During the global Child Nutrition Forum last week in Montreal, the WFP Centre of Excellence against Hunger took advantage of the presence of many of its partner countries to present some results, to share new tools, and to hold bilateral meetings with governments’ representatives.
The WFP Centre presented the results of its five-year impact evaluation and the African Union study on the status of school feeding. During the technical sessions, the Centre’s experts conducted workshops to around 150 people on a specific methodology and a new tool to simulate costs and benefits in the policy cycle. The WFP Centre was also responsible for leading the discussions of the Forum’s Communiqué.
The workshops on cost-benefit analysis included a presentation and practical exercises to help participants understand the process of building cost-benefit models across the policymaking cycle as well as their application to analyze school feeding and other social protection programmes. The methodology focuses on building cost-benefit models using micro-simulation techniques and economy-wide impact evaluation methods, based on a new cost-benefit analysis model developed by the Economic Policy Research Institute (EPRI) and the WFP Centre of Excellence specifically for partner countries’ needs.
School feeding in Africa
The Global Child Nutrition Forum was a new opportunity for the WFP Centre of Excellence to discuss with partner countries the results of the study on the status and impacts of school feeding in the African continent. The study was commissioned to the WFP Centre of Excellence by the African Union and was conducted by EPRI.
Nard Huijbregts, EPRI Lead Social Policy Advisor, presented the study to the Forum’s plenary. The study has not been disseminated to the public yet, but the results have been shared with the African Union Commission. According to Huijbregts, one of the impacts the study has already generated was the creation of the Implementation Cluster on School Feeding, as part of the African Union’s Continental Education Strategy for Africa (CESA).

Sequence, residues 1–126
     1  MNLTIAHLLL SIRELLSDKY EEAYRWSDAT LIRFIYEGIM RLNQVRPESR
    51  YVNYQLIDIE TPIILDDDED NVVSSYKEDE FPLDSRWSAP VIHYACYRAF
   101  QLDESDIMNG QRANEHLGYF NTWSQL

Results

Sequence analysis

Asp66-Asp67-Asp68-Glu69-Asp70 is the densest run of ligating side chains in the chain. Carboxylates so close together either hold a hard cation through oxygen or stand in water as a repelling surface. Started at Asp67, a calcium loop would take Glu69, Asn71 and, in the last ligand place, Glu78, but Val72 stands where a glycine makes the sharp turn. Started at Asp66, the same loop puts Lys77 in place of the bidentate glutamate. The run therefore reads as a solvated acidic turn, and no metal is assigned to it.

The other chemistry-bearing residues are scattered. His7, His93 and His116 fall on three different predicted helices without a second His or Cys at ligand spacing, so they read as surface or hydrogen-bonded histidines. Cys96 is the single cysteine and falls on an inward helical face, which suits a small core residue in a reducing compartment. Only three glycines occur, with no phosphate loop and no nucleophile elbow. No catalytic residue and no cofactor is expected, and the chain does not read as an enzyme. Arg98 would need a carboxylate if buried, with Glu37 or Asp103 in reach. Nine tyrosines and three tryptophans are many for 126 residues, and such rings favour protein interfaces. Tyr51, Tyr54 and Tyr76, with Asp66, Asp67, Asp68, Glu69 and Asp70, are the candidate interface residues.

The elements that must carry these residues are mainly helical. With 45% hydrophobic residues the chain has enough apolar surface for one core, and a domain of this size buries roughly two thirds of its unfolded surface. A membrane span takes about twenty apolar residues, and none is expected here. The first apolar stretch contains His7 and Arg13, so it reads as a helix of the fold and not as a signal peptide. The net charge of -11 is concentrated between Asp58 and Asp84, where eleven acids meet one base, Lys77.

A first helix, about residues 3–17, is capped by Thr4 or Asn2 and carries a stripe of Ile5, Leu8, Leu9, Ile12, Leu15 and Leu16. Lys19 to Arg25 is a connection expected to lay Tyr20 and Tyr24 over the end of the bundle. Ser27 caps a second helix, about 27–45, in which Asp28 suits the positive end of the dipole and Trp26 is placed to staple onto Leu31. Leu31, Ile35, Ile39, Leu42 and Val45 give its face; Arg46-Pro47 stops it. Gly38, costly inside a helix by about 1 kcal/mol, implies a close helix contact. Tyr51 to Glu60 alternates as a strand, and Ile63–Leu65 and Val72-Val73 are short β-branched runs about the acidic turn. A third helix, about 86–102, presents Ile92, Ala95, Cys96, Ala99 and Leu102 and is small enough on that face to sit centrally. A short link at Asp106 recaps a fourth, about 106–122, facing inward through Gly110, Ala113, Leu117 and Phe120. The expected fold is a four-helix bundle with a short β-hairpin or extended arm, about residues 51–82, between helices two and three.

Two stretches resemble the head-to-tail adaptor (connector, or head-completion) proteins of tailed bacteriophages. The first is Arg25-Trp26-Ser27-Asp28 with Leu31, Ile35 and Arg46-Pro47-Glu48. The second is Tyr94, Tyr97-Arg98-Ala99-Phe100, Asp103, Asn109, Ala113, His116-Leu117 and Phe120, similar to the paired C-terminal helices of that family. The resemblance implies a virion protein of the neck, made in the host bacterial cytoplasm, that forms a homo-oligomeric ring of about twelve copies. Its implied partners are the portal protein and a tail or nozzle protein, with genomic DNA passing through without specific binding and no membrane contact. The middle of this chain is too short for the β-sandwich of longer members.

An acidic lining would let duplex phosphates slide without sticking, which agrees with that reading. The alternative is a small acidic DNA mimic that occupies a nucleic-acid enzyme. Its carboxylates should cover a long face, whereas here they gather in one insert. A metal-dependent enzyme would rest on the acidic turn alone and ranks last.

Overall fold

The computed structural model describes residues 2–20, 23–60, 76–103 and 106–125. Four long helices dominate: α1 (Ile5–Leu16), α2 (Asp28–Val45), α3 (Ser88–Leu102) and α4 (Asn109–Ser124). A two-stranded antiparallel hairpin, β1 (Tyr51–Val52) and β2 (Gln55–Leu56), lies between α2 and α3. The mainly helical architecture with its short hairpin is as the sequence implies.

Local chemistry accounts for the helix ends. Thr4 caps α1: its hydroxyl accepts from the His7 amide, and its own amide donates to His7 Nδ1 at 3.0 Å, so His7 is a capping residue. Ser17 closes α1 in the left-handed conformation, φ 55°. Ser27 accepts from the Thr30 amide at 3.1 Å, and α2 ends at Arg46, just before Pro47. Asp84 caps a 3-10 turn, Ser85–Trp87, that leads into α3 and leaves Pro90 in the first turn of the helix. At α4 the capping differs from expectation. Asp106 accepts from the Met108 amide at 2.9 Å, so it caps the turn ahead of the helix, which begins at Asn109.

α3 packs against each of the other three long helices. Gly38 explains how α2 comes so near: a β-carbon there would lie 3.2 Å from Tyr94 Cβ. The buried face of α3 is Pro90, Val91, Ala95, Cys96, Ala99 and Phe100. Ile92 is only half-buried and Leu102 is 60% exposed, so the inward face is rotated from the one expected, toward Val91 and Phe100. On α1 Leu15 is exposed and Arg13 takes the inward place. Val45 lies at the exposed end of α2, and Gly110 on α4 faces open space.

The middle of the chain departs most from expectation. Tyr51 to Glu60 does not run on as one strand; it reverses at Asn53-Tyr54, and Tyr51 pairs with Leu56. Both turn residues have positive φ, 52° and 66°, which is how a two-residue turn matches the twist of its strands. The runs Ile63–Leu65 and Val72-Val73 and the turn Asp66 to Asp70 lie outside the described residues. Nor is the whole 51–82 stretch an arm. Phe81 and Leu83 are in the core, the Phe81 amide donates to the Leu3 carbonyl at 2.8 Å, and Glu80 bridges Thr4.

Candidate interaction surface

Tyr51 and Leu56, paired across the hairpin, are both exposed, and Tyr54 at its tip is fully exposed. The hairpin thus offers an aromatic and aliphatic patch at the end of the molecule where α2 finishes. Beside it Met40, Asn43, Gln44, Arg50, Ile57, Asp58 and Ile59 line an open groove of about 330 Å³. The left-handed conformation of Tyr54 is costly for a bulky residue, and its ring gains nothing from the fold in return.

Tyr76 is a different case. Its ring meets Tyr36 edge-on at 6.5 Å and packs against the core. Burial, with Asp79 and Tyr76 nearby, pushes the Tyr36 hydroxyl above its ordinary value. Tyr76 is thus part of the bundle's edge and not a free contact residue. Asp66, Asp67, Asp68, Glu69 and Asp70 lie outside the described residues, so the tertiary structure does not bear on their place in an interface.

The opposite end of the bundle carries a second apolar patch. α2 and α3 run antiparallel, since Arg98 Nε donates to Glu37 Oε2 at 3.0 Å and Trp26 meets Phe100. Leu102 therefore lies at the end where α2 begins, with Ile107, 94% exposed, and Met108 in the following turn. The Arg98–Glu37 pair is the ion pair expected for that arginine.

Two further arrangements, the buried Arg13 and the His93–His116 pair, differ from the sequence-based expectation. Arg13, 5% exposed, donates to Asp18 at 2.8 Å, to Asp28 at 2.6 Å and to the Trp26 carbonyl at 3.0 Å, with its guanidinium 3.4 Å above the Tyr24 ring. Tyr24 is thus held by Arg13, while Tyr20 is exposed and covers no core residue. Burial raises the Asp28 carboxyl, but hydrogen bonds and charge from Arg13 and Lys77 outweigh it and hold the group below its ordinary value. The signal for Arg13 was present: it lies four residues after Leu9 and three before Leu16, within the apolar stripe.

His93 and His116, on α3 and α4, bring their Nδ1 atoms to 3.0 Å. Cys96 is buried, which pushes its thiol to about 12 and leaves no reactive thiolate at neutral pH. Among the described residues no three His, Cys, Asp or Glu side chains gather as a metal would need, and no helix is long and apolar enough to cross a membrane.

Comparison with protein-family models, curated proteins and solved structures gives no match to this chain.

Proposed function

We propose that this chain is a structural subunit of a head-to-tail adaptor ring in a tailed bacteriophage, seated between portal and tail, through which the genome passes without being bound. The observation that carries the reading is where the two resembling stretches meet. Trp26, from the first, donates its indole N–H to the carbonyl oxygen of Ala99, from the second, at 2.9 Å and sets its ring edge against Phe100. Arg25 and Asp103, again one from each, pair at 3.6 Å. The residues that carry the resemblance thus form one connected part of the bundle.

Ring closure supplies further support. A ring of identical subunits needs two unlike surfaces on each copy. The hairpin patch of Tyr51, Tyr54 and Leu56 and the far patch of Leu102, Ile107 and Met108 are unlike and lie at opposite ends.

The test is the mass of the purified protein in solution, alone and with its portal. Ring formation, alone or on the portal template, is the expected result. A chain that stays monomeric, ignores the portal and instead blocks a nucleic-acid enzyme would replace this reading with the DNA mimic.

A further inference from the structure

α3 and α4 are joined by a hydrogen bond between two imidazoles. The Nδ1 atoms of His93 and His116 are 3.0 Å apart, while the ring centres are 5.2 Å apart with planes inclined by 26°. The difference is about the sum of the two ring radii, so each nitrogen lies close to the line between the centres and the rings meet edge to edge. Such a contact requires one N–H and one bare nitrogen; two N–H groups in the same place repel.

The seven recommendations of the study were also discussed with countries at the WFP Centre of Excellence’s technical consultation booth. Government representatives were encouraged to identify among the seven recommendations the ones that made more sense to their specific contexts, and the ones that did not resonate with the challenges they faced.
The WFP Centre of Excellence against Hunger has contributed to changing the understanding of governments in 30 countries about the potential of school feeding: in addition to providing food to children in schools, school feeding programmes are an inter-sectoral food and nutrition security policy, with multi-dimensional impacts. This was the highlight of the impact evaluation carried out to assess the first five years of the Centre of Excellence.
The results of this exercise were presented to the Forum’s participants. The results indicate that the Centre contributed significantly to the overall recognition of school feeding as a strategy to promote sustainable development. The Centre also promoted the involvement of high-level government actors, which increased countries’ commitment to school feeding, and the partnerships fostered by the Centre helped to strengthen technical skills crucial to the development of national school feeding policies linked to local agriculture.